Community artifacts can take many forms. Traditionally, collections are usually comprised of old books, letters, and photographs. In his report Confronting the Future, Roger Levien looks ahead to the types of artifacts that we produce today that will be useful in the future. Levien writes:

These might include municipal records, such as demographic data, information on land and buildings, tax rolls, and police and fire records; educational records from the school system; local newspapers or blogs; personal remembrances and memoirs; historical and current photos; and the miscellaneous ephemera of public events. To the extent possible, these records would be digitized and linked to the Web or its successor. The local library would also catalog its unique local holdings. (Levien, 2011)
Projects like these engage the community and gain their support. If the community feels a bond with a resource such as a library or archive, they are more willing to fund it through hard times, and fight to keep the facilities and staff first rate.

Reunification of Material
            Another positive aspect for the future of archives in libraries is that as records are digitized and published, “lost” pieces of a collection are found at other institutions and with private citizens. Even though the physical original stays at its location, the digital records can be freely shared and reproduced between these entities. This may reunite collections that may not have been whole for hundreds of years. One example of this is the collection of Myron Eells. Eells’ collection was split after his death, and many pieces of it are resurfacing now. In his article about Eells’ collection, Michael Paulus writes, “The current state of Eells’ collection presents an example of the possibilities for restoring fragmented collections and of the opportunities for reconvergence among LAM [Libraries, Archives, and Museums] collections and institutions.” (Paulus, 2011) From an organization perspective, this is very important. As the Internet and searching evolve, records can now be located in a single easy to access space preventing researchers from having to physically visit multiple institutions.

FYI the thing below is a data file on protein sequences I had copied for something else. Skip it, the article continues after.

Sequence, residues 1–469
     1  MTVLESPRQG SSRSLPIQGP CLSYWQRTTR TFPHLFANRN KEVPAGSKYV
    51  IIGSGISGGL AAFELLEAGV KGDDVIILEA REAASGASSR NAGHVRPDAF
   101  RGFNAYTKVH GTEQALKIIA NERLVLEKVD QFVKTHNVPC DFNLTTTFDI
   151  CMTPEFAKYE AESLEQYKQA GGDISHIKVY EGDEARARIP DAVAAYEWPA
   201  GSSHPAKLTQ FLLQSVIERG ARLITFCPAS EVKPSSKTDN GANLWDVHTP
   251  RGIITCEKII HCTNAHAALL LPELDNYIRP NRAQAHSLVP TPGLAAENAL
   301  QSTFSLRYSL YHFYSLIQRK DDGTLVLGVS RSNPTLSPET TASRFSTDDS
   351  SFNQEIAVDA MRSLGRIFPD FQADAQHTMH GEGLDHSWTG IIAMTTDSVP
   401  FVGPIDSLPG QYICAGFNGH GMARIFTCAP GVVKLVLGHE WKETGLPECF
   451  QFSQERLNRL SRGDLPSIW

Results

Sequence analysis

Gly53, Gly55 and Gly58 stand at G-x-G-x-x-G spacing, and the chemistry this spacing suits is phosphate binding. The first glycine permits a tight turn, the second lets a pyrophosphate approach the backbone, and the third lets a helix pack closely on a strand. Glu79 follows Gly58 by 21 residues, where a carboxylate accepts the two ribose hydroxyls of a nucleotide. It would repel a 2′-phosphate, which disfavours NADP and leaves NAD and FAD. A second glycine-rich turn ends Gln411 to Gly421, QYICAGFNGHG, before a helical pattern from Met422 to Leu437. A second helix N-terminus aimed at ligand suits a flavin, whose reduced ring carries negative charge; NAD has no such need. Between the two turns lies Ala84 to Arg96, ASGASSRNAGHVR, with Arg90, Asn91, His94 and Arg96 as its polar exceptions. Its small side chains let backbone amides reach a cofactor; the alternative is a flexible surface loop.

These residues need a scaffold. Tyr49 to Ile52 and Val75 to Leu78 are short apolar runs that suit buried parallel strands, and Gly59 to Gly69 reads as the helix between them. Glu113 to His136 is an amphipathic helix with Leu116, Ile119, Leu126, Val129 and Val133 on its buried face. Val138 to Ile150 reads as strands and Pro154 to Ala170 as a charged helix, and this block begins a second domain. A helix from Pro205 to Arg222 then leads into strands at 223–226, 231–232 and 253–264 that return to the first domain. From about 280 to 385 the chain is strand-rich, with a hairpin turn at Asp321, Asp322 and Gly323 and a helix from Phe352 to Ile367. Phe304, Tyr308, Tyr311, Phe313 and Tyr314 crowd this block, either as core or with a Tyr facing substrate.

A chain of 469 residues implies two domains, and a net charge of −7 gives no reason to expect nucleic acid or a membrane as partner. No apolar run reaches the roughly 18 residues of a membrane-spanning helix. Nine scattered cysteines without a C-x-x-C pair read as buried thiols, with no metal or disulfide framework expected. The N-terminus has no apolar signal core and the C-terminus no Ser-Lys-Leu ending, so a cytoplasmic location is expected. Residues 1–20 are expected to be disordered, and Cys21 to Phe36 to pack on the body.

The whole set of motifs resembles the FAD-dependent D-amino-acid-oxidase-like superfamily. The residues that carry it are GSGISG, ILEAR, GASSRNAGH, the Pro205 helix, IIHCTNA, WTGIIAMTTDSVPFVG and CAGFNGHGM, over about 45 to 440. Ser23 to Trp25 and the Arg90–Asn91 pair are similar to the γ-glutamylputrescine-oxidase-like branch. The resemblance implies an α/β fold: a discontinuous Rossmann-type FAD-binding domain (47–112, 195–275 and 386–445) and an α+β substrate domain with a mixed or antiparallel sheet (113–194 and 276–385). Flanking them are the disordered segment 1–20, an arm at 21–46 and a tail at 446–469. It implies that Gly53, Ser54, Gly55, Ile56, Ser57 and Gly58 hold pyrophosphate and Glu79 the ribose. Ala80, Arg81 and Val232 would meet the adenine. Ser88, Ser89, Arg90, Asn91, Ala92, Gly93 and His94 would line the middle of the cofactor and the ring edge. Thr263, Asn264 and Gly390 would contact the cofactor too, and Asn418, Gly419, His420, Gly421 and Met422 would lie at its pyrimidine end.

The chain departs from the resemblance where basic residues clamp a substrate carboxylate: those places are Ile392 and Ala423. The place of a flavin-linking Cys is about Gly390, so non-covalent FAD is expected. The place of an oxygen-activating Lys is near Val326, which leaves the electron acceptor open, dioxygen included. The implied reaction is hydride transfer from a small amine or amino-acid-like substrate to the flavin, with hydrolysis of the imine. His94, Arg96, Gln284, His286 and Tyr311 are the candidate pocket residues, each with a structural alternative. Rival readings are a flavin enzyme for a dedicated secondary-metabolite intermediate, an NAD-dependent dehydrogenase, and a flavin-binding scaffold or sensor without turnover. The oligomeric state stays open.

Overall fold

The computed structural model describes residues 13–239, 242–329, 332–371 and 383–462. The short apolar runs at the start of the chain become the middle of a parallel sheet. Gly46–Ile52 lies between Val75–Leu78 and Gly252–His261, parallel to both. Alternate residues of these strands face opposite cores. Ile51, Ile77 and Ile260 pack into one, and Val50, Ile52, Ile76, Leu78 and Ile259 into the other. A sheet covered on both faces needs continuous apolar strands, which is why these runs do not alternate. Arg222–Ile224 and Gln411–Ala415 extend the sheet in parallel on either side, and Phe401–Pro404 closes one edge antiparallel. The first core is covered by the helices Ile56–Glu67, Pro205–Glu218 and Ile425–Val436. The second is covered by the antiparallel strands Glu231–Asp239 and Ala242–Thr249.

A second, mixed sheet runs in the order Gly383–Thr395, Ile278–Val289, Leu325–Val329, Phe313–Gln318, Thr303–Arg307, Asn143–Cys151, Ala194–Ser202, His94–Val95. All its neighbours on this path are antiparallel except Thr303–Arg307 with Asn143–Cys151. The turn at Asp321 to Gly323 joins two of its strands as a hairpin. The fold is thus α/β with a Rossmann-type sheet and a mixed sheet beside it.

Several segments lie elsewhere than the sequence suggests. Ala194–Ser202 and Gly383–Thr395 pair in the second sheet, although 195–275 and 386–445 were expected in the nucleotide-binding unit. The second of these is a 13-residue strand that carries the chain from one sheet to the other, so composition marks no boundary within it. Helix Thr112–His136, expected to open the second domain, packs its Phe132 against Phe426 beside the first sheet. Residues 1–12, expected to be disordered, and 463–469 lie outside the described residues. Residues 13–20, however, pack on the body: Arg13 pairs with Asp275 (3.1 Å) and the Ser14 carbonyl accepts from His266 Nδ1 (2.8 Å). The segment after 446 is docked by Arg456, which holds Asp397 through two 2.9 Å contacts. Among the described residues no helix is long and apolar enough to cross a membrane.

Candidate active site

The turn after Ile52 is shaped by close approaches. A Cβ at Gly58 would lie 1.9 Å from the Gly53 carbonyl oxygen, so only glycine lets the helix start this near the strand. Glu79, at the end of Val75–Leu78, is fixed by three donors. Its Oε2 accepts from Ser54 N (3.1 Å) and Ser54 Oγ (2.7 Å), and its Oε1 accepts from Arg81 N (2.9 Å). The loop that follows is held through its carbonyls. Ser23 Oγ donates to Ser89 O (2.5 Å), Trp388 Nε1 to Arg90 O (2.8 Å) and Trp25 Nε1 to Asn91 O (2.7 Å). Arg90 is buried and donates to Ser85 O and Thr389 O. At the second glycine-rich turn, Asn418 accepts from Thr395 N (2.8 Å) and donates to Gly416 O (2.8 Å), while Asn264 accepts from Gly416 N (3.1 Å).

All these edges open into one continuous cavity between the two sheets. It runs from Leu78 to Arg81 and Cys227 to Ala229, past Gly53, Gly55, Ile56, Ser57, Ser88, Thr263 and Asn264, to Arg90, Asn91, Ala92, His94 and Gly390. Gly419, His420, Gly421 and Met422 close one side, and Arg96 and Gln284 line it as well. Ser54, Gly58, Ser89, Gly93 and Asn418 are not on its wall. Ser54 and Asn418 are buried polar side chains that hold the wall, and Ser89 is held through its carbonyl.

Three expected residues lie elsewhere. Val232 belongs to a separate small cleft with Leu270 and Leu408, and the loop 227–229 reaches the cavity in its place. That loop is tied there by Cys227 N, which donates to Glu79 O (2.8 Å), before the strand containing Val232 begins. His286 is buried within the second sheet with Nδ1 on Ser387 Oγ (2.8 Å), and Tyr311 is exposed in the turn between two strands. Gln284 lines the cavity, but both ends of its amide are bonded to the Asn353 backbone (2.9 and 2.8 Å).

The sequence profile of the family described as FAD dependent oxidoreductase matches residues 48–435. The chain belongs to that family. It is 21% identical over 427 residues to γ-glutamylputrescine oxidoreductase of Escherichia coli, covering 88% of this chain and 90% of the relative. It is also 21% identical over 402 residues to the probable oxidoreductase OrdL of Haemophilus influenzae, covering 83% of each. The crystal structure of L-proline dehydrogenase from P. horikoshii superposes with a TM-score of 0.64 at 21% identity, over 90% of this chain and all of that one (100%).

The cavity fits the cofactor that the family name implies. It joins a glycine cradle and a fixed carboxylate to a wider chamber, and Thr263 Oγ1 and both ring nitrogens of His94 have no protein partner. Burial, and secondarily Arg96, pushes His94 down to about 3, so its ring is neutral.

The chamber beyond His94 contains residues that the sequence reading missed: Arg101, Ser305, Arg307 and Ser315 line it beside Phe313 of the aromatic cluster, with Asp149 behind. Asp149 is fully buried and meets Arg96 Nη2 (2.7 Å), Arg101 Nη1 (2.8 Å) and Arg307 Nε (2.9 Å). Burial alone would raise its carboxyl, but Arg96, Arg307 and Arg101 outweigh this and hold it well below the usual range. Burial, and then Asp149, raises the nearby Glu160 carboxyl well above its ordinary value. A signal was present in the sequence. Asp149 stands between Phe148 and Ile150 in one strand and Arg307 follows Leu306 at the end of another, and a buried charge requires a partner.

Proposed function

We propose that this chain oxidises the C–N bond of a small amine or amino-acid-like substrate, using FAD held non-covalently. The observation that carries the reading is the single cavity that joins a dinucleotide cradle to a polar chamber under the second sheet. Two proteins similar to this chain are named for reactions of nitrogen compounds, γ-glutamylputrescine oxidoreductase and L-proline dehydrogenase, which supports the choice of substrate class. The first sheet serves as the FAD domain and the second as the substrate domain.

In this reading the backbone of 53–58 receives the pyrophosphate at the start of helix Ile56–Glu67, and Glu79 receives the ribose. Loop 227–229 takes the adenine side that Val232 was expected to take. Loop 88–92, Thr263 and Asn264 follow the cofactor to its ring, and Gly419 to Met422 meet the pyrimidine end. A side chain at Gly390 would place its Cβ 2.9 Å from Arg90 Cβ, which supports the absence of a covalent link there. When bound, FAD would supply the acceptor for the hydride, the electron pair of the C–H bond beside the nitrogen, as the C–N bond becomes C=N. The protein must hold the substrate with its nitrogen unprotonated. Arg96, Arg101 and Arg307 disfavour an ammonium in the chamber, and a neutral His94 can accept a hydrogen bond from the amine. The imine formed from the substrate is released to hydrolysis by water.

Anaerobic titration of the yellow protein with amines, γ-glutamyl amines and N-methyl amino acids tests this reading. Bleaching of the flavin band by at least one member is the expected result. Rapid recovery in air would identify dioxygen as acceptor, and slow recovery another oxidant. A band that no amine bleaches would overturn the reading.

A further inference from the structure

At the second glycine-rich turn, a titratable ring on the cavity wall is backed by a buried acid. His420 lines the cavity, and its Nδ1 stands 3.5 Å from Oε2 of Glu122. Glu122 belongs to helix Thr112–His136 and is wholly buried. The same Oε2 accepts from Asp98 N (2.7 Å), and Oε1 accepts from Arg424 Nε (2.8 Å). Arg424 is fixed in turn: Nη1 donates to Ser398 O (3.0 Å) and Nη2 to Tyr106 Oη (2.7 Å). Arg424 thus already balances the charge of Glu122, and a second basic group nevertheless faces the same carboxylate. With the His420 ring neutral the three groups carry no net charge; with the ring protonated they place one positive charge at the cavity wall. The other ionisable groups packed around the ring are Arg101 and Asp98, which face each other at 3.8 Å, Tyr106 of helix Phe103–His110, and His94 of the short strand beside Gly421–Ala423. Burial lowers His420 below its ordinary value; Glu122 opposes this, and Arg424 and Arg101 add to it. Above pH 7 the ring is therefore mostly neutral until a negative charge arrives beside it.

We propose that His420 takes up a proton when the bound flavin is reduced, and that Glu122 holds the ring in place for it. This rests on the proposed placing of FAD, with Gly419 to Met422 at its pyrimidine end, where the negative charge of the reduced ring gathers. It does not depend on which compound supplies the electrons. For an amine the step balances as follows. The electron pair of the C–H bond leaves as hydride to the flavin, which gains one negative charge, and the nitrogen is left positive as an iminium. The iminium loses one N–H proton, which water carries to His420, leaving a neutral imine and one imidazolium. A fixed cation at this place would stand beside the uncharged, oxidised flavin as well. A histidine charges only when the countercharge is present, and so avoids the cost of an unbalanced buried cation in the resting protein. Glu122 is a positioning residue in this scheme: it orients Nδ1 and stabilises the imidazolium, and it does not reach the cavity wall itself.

Digitization is the future for archives. As technology evolves, the archive will evolve with it. Possibly we will learn how to save smells and tastes one day, and there will be an archive waiting to store that information. Books may fall to eBooks like CDs fell to mp3’s, but there will always be a need to retain unique and local data.

Works Cited

Association of College and Research Libraries Research Planning and Review Committee. (2012). 2012 top ten trends in academic libraries A review of the trends and issues affecting academic libraries in higher education. College and Research Libraries News, 73(6), 311-320.

Frey, T. (2008). The Library of the Future Series, Part 1: The Time Capsule Room. Retrieved June 14, 2013, from The Da Vinci Institute: